October 25, 2016 by Jim McDonell

Geofencing + LMR Radio = Mission Critical Geofence

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Industries: 9-1-1 & Law Enforcement Energy Industries Fire & EMS

Topics: APX Two-Way Radios & Accessories ASTRO P25 Infrastructure Intelligence-Led Policing


In 1991, the ASTRO system was born. With the anticipation of Project 25 (P25) – designed to create a user-driven, flexible, and open standard for radio communications – Motorola Solutions built ASTRO as a land mobile radio (LMR) platform to comply with the P25 standard. To celebrate ASTRO’s 25th year, this series will look at the past, present, and future of ASTRO 25 and answer the most pressing questions being asked by radio users today.

If you use location-based services with geofencing on your land-mobile radio (LMR) network, you understand the operational efficiencies and personnel safety that these solutions provide. The ability to see where your resources are located improves your situational awareness keeping your response times short and allowing you to quickly send backup when needed. A circle drawn on a map screen creates a virtual boundary which triggers an icon color change and a pop-up message when field personnel enter or exit an incident scene. But, what if your geofence could put your radio in control…

Putting The Radio In Control

The next evolution of public safety geofence puts the intelligence into your LMR radio with dynamic and permanent virtual geographic boundaries. Dynamic geofences, with incident-specific radio actions are created in a mapping application by a dispatcher and then pushed over the ASTRO 25 network into APX two-way radios. Permanent geofences can be programmed directly into the radio with customer programming software (CPS).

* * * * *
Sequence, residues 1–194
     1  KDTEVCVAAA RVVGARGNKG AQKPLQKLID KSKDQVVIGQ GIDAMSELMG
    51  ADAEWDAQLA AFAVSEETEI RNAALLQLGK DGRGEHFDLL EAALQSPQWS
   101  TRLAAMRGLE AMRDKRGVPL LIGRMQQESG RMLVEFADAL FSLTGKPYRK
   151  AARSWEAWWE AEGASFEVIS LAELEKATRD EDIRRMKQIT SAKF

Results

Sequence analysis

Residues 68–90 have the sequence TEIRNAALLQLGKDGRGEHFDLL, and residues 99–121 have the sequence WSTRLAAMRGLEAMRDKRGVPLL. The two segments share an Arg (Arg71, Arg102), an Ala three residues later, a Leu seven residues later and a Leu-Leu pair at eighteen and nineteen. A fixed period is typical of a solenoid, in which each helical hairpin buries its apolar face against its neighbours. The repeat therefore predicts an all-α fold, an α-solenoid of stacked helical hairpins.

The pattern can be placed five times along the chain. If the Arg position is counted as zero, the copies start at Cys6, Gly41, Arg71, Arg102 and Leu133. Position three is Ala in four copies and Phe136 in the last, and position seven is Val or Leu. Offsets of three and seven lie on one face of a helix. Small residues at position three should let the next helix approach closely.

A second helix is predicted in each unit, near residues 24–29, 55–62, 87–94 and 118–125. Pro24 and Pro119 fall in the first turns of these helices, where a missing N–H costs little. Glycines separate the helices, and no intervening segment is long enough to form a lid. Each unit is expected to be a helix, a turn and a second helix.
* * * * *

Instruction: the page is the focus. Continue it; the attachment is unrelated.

Because the geofences are stored in the radio, the radio immediately knows when it crosses a geographic boundary, even when off the ASTRO® 25network. Upon crossing a geographic boundary, the radio will automatically execute the pre-programmed radio actions for that geofence, such as changing talkgroups, alerting the radio user and updating dispatch. This autonomous operation provides hands-free operation for first responders during a critical emergency situation.

How Could You Use This?

Let’s consider an emergency situation in which a dynamic geofence is needed. The dispatcher creates a boundary around the incident and selects first responders for the geofence. As the first responders enter the incident area, their radios immediately change to the incident channel or talkgroup, providing hands-free operation. Dispatch communications is minimized since the radio visually and audibly announces to the radio user they have entered the incident area. This solves one of the most common problems of incident management, ensuring all first responders are on the correct radio channel so they communicate with each other. When the incident is over, dispatch takes down the geofence and all radios go back to their previous settings.

Now let’s consider when a permanent geographic boundary would be utilized in daily operations, such as communications with campus university emergency services. A geofence with preprogrammed radio actions is created for the university and loaded into the radio. Upon entry to the campus, the first responder’s radio switches to the campus radio channel, lowers its power level and sends a message to dispatch that the user’s radio has changed channels. All this is done automatically, without the responder having to remember the campus radio channel and without having to call dispatch.

In both examples, the geofence intelligence is in the APX radio. This means the radio can take immediate action, even when in a poor coverage area and completely disconnected from the network. Automatic and hands-free operations ensure immediate communications on the correct radio channel.

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